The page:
There’s a misunderstanding about the interest rate monetary policy tool and it’s very simple. with high inflation rates and a decrease in money purchasing power, the Central Banks have to increase the level of interest rate on money above the rate of inflation, to bring back to balance the real money supply. Real money supply, requires that money has a stable purchasing power, that’s not printing money, that also supports the currency against exogenous price and costs volatility, in fact, a prolonged devaluation of a currency often becomes a precursor of a financial crisis. The basic concept, it’s that by increasing the cost of borrowing, Central Banks apply the breaks on private credit creation made by the banking system, making credit more expensive. That brings decreases in the money supply.
Then banks have to adjust their underwriting standards to provide credit with higher interest rates because banks borrow in money markets, with short terms rates and provide credit to their clients with a longer timeframe duration of course with a markup on interest rates that’s the banks’ profitability with net interest rates margins. For that to have a real money supply, discounted for the current rate of inflation, then the Central Bank and private banks are required to increase interest rates on credit and on deposits.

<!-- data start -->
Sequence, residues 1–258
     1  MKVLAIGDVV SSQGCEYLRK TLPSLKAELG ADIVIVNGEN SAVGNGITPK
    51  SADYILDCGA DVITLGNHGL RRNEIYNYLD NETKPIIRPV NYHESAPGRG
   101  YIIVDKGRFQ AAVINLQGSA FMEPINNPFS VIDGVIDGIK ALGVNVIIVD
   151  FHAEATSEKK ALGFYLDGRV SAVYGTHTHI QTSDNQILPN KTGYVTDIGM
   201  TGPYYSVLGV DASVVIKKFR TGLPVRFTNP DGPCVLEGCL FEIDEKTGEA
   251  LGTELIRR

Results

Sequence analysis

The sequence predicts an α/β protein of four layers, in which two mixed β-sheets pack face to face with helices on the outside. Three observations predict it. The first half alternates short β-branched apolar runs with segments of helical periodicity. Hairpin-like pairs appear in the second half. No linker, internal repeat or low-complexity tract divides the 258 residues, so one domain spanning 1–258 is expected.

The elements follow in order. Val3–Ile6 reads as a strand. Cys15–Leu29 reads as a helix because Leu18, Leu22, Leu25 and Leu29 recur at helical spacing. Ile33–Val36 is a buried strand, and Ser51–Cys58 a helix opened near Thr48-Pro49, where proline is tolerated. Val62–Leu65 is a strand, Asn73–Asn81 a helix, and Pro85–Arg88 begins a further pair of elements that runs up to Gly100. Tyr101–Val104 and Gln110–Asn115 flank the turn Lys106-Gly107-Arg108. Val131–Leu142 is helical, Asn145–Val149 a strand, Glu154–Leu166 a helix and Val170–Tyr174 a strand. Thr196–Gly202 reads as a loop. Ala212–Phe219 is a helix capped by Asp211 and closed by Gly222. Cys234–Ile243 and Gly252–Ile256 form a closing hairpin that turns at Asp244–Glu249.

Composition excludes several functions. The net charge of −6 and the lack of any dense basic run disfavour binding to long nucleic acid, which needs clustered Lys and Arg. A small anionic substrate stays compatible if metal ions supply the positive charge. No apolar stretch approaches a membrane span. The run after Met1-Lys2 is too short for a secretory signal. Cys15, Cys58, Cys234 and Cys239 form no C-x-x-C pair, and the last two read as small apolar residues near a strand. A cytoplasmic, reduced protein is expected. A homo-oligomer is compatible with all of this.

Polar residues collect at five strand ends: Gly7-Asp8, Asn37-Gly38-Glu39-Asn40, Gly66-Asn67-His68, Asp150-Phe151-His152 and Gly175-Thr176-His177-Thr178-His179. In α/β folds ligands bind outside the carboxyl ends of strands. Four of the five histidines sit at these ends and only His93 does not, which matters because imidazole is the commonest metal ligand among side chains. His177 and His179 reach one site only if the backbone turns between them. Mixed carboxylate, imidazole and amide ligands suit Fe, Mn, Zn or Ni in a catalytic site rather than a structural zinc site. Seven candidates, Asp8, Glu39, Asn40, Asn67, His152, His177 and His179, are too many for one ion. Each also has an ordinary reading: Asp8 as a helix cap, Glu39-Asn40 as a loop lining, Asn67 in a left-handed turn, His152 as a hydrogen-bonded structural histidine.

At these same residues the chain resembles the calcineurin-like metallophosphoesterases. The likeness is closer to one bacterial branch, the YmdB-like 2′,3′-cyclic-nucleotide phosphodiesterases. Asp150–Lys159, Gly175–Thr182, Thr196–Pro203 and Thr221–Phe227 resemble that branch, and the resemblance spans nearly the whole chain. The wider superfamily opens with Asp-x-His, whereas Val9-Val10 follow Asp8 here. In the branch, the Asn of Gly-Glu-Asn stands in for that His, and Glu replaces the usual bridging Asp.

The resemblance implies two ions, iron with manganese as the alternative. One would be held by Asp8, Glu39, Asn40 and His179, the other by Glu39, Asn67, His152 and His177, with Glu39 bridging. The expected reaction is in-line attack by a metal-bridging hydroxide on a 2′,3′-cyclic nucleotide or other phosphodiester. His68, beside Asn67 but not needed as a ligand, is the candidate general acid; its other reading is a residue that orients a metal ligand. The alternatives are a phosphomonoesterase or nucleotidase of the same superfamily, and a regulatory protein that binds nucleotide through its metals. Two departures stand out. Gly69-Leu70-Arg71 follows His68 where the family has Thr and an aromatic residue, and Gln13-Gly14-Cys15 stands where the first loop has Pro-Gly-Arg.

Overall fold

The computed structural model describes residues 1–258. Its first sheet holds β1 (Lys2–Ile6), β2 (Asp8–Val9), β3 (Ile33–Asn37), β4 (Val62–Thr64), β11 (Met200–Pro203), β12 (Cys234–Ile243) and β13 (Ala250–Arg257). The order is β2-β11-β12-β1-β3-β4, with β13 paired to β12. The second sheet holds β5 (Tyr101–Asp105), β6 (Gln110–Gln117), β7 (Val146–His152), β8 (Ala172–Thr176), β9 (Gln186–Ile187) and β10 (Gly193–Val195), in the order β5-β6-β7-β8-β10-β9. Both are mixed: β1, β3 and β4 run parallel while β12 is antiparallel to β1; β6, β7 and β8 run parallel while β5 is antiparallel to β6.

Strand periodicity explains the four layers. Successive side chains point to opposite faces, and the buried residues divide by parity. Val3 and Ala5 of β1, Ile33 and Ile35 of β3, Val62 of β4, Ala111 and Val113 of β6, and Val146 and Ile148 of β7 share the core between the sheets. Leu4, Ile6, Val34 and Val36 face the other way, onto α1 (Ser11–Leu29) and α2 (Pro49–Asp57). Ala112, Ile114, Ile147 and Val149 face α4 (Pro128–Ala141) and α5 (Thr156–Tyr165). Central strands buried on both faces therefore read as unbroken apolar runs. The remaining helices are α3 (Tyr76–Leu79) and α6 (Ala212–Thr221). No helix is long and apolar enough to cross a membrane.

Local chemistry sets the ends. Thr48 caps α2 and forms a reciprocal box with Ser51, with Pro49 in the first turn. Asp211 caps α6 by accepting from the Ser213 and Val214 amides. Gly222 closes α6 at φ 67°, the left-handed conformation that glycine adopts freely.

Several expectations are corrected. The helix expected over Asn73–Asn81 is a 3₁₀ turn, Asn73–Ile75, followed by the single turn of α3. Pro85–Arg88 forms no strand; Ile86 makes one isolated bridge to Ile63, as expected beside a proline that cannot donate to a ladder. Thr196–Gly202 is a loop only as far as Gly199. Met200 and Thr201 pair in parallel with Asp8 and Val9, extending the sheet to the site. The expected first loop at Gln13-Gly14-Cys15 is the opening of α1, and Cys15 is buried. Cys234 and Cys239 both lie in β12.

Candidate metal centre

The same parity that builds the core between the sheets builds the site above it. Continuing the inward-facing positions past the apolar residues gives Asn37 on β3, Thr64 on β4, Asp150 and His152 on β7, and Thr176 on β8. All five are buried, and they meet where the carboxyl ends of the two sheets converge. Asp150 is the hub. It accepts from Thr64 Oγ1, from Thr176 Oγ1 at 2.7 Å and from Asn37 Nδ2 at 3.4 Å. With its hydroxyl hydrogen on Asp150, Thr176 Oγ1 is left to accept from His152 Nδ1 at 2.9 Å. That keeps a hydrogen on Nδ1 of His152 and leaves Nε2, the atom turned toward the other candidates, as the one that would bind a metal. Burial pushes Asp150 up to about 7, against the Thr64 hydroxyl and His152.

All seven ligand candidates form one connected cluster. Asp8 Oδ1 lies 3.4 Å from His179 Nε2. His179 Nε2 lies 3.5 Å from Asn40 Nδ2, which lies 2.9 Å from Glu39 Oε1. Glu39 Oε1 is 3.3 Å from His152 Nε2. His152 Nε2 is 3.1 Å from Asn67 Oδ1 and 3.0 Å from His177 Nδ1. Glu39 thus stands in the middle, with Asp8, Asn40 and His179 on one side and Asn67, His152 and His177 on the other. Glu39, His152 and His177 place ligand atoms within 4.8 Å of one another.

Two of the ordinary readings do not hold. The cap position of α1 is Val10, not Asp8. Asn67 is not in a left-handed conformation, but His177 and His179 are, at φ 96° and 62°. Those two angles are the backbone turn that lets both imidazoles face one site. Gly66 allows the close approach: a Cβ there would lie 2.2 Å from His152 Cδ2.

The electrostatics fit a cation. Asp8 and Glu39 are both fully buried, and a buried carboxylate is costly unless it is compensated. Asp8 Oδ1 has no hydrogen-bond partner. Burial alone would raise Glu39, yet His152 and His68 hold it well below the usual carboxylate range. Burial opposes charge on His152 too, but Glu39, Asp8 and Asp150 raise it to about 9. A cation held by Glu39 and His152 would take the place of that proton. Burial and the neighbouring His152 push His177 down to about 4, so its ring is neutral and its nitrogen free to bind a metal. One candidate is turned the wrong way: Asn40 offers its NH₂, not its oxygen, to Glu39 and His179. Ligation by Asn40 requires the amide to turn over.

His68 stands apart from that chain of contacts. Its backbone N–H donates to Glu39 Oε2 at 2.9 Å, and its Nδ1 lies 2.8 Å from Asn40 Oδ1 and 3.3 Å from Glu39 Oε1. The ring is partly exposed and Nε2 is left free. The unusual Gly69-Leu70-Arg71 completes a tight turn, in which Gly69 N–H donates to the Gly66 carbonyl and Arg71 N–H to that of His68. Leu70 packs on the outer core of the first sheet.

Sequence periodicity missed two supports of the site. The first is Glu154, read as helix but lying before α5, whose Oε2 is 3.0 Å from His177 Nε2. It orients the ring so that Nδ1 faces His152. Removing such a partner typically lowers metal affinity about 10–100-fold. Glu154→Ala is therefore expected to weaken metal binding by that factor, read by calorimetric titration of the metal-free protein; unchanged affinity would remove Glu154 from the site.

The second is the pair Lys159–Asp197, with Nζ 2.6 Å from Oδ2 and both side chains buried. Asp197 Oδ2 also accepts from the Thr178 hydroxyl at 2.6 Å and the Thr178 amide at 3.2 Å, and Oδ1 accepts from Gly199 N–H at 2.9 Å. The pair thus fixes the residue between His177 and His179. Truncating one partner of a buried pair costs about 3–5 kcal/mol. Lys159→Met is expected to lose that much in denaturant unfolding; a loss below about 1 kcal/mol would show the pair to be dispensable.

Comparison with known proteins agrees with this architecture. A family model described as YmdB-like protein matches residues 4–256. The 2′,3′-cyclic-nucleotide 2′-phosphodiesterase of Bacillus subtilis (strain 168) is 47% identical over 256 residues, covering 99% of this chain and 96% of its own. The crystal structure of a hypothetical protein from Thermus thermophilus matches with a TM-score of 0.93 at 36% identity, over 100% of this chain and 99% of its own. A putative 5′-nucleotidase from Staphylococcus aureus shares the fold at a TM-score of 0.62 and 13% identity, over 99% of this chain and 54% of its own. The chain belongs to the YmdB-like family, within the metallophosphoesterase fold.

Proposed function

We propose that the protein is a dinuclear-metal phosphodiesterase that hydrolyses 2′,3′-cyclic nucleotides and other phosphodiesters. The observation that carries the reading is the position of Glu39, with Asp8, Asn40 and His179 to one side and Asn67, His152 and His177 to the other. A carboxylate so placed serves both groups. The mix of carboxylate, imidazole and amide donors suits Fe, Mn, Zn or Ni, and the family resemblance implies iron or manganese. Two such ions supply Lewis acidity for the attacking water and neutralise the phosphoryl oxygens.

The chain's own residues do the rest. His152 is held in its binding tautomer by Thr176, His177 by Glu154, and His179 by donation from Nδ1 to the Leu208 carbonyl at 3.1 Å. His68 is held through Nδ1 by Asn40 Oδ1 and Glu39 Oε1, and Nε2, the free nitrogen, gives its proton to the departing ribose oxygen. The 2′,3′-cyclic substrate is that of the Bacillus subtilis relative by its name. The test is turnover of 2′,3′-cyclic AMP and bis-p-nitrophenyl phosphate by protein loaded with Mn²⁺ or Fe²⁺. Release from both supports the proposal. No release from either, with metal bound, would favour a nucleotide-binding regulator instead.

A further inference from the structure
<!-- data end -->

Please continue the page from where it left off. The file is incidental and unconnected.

Surprisingly, it’s through a higher rate of savings per worker that productivity also can increase because higher rates of savings are conducive to investments in the economy and with that, the output equilibria of the economy shift to a higher point ( see Solow Growth Model).
When the Central Bank increases the interest rate carried on money markets, that should achieve a few objectives: 1)Making the cost of borrowing more expensive to decrease the money supply created by banks. 2) Increase the rates and the stock of cash savings in the economy in aggregate, 3) balance the real money supply in the credit markets and in the economy, by factoring in the current rate of inflation, to produce equilibria between assets returns and real money, 4) Increase the velocity of money that it’s the ratio between aggregate national GDP in currency unit terms and the money supply(denominator)when the money supply (denominator) in the ratio decreases the factor output of Money Velocity expands. 5) Central Banks must increase money markets interest rates to preserve Price Stability and with that to prevent a spiralling devaluation and loss of confidence in a currency because that outcome produces a much worse financial crisis.
Then what are the exogenous variables with INFLATION? In simple terms, there are two factors: 1)Demand Driven Sugar High Inflation, which dampens when consumers are maxed out. 2) SUPPLY CONSTRAINT DRIVEN INFLATION, which has some peculiar characteristics; the main factor it’s that SUPPLY CONSTRAINT INFLATION has long-lasting effects on the economy and arguably could be “difficult” to anticipate when masked by a surge in Demand.